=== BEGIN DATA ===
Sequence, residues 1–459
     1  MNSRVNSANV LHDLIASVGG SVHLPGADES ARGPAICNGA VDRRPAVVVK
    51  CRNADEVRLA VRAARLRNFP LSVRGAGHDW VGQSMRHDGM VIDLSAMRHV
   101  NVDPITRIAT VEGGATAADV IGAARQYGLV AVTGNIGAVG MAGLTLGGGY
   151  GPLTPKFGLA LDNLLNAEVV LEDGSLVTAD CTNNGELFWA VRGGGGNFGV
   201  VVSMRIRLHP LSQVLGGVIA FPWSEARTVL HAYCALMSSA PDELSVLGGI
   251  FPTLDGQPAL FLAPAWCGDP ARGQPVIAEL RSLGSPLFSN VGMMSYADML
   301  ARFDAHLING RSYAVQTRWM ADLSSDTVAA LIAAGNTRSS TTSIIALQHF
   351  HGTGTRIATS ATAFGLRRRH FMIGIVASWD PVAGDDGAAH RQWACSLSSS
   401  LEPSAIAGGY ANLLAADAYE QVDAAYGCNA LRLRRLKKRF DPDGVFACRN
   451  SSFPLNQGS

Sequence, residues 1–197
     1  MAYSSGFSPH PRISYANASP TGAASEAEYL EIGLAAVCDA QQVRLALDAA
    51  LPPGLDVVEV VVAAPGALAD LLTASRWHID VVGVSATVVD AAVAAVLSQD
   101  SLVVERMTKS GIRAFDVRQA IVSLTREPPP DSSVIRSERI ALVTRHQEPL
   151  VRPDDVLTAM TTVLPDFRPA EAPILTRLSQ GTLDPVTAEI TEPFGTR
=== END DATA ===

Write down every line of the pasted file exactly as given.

Sequence, residues 1–459
     1  MNSRVNSANV LHDLIASVGG SVHLPGADES ARGPAICNGA VDRRPAVVVK
    51  CRNADEVRLA VRAARLRNFP LSVRGAGHDW VGQSMRHDGM VIDLSAMRHV
   101  NVDPITRIAT VEGGATAADV IGAARQYGLV AVTGNIGAVG MAGLTLGGGY
   151  GPLTPKFGLA LDNLLNAEVV LEDGSLVTAD CTNNGELFWA VRGGGGNFGV
   201  VVSMRIRLHP LSQVLGGVIA FPWSEARTVL HAYCALMSSA PDELSVLGGI
   251  FPTLDGQPAL FLAPAWCGDP ARGQPVIAEL RSLGSPLFSN VGMMSYADML
   301  ARFDAHLING RSYAVQTRWM ADLSSDTVAA LIAAGNTRSS TTSIIALQHF
   351  HGTGTRIATS ATAFGLRRRH FMIGIVASWD PVAGDDGAAH RQWACSLSSS
   401  LEPSAIAGGY ANLLAADAYE QVDAAYGCNA LRLRRLKKRF DPDGVFACRN
   451  SSFPLNQGS

Sequence, residues 1–197
     1  MAYSSGFSPH PRISYANASP TGAASEAEYL EIGLAAVCDA QQVRLALDAA
    51  LPPGLDVVEV VVAAPGALAD LLTASRWHID VVGVSATVVD AAVAAVLSQD
   101  SLVVERMTKS GIRAFDVRQA IVSLTREPPP DSSVIRSERI ALVTRHQEPL
   151  VRPDDVLTAM TTVLPDFRPA EAPILTRLSQ GTLDPVTAEI TEPFGTR